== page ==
This, I think, is the aspect many commentators who have written about Blizzard's stage management of Diablo Immortal (again, for the avoidance of doubt - badly stage managed!) have missed out on. Yes, Blizzard misjudged the audience in the room, and that's a bit daft. Of course the people who pay serious money to come along to Blizzcon in person were going to be mostly the wrong audience for a mobile title. The audience in the room, however, was only a fraction of the total audience.

The audience on the Internet, the broader audience watching online and following updates from the event either in real time or through later reports, is a different beast entirely. This audience, I suspect, Blizzard judged perfectly correctly. For every disgruntled person in the hall, how many watched online and thought that Diablo Immortal looks like something they'll definitely try out when it's available for their phone?

This is the crux. Blizzard could absolutely have hand-waved away Diablo Immortal as a low-profile, unimportant announcement, essentially sticking to the line many major developers have used in the past decade that implies mobile development to be a coincidental side hustle, something to be gestured toward between announcements of 'real' games. This, however, would have been commercially incompetent.

Outrage aside, reports from those who've played Diablo Immortal indicate that Blizzard has a strong product on its hands

The truth is that in Asia, and to a lesser extent in western markets, there are countless gamers who are absolutely big enough Blizzard fans to be tuned into Blizzcon, and simultaneously absolutely big enough mobile gaming consumers to be excited for a Diablo mobile title. Downplaying that title during the event would amount to soft-pedalling - or even undermining - the launch prospects of what could end up being one of the company's most commercially important titles in years. Is that worth doing just for the sake of leaving some core gamer feathers unruffled?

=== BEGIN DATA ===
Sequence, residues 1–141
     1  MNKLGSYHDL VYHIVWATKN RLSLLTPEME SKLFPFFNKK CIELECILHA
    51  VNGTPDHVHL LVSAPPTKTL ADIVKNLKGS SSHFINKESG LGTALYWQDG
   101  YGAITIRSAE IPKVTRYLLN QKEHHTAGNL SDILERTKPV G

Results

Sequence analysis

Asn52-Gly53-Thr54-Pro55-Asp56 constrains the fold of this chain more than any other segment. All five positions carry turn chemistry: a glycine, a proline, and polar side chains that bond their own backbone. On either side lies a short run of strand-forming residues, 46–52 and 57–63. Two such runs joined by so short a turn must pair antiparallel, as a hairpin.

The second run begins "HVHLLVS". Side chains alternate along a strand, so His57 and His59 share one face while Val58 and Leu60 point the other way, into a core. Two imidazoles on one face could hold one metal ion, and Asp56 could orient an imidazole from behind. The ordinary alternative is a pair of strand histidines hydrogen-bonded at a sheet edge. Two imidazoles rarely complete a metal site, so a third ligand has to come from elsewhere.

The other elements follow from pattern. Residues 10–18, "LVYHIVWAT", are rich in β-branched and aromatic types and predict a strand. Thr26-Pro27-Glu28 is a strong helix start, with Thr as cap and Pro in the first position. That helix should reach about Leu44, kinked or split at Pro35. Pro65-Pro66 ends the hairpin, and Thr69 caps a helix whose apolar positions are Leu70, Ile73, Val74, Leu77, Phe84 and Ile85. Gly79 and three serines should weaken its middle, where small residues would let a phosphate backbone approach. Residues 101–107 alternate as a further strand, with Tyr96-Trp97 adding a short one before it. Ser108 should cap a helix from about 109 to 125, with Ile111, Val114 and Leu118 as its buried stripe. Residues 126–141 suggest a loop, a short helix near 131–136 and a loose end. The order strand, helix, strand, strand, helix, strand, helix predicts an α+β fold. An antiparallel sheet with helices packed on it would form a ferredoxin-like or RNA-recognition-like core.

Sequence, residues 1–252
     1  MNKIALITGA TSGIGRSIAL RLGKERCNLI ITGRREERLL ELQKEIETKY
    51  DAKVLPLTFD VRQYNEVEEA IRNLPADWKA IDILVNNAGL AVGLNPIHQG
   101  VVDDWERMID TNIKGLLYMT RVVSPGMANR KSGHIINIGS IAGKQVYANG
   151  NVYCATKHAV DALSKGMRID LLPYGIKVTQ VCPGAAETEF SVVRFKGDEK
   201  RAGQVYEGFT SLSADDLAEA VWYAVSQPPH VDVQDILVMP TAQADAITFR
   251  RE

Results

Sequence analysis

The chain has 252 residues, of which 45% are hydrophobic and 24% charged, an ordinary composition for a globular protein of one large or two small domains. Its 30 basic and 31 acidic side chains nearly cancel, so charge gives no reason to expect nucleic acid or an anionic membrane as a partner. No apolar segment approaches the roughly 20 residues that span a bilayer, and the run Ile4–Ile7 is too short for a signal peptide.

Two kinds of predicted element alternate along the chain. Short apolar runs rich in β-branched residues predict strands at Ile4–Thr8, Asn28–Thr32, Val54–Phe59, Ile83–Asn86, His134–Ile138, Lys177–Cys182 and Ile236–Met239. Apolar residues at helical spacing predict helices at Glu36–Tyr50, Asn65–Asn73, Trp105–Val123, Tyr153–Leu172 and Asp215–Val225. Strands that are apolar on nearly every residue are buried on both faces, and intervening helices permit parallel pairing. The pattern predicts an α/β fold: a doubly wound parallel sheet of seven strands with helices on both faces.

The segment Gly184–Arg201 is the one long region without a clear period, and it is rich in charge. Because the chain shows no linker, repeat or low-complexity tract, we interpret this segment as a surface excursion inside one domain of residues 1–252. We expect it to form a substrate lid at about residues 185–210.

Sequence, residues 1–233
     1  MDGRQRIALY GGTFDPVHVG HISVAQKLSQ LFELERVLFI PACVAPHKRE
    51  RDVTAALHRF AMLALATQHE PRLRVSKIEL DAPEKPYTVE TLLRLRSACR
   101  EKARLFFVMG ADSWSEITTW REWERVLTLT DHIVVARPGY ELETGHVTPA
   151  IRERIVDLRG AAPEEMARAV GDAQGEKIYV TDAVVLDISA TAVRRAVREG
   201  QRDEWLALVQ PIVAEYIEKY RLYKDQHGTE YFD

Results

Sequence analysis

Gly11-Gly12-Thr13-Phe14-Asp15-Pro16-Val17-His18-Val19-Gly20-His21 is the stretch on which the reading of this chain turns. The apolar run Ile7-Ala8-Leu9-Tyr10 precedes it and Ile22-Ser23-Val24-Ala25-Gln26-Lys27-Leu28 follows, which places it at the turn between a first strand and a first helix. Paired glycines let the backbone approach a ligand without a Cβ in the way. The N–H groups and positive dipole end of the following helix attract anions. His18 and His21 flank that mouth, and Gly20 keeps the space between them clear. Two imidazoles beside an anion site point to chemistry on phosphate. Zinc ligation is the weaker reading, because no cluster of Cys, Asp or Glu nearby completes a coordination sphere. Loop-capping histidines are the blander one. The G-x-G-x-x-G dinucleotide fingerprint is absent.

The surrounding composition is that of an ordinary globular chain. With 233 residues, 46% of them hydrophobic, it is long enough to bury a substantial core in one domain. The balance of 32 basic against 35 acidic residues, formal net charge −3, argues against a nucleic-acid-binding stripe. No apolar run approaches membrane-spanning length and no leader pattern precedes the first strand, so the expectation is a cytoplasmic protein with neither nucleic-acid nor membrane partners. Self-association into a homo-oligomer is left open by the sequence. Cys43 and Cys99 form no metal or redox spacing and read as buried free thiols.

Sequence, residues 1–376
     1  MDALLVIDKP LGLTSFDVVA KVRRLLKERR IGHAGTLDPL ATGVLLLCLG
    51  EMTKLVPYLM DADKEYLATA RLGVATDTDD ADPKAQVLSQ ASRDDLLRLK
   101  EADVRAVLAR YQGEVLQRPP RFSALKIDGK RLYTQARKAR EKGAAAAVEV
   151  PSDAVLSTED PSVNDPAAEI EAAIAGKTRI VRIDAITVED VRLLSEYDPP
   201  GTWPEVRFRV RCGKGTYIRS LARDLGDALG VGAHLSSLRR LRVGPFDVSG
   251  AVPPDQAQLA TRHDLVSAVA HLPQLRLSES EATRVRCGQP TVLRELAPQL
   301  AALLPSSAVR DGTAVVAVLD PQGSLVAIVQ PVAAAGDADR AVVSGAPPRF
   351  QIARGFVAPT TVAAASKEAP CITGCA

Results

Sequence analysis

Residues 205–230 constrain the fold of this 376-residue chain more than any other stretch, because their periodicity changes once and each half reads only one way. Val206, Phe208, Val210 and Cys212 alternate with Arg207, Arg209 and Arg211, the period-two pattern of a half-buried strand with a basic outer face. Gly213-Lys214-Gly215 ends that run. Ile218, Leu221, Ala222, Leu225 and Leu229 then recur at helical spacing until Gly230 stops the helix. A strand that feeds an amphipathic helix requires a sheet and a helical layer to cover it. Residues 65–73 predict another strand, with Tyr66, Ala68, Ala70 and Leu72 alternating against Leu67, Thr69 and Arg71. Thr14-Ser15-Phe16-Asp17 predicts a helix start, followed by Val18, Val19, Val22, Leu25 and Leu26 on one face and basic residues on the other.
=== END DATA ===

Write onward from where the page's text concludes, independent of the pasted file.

It's not that I don't sympathise with those who expected Blizzcon's big reveal to be something quite different. I've been a fan of the company for long enough to have played the Blizzard anticipation and let-down roulette plenty of times, but mobile games aren't a sideline any more. Whatever issues regarding quality and business model may continue to dog the sector, simple commercial reality means it's not realistic for a major company to ignore or downplay its mobile strategy any more. It is even less realistic for a major games company to 'sneak' onto mobile under the radar, handicapping its own releases by failing to use its branding, its platform and its PR and marketing reach to give them the best possible start.

Whatever errors were made in stage management, then, do not change the underlying calculus, and even the downturn in the firm's share price doesn't make a damned bit of difference to the business reality around Blizzard's mobile strategy over the coming years. A Diablo mobile title focused on the Asian market is probably one of the most solid business ideas Blizzard has had in a long time, and the company's hints that it's knuckling down on mobile make perfect sense given the IP it owns and the markets in which it's strong.

Make no mistake, a big part of what we're seeing is North American gamers getting upset about a business strategy that squarely targets Asian markets. If Blizzard wants to retain its status as a premier developer in Asia, big, high-profile mobile editions of its games are non-negotiable, and kicking and screaming from North American core gamers won't change the cold commercial reality of that. With those changes to the structure of the market gradually filtering through in North America and Europe as well, the path Blizzard has started down looks even more set in stone.

An indignant backlash won't change the plans for Diablo Immortal a single bit, nor will it change the likelihood of Warcraft, Starcraft or Overwatch mobile titles appearing down the line. The only thing it will change, with any luck, is the attention paid to stage management along the way.

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Rob Fahey: Rob Fahey is a former editor of who spent several years living in Japan and probably still has a mint condition Dreamcast Samba de Amigo set.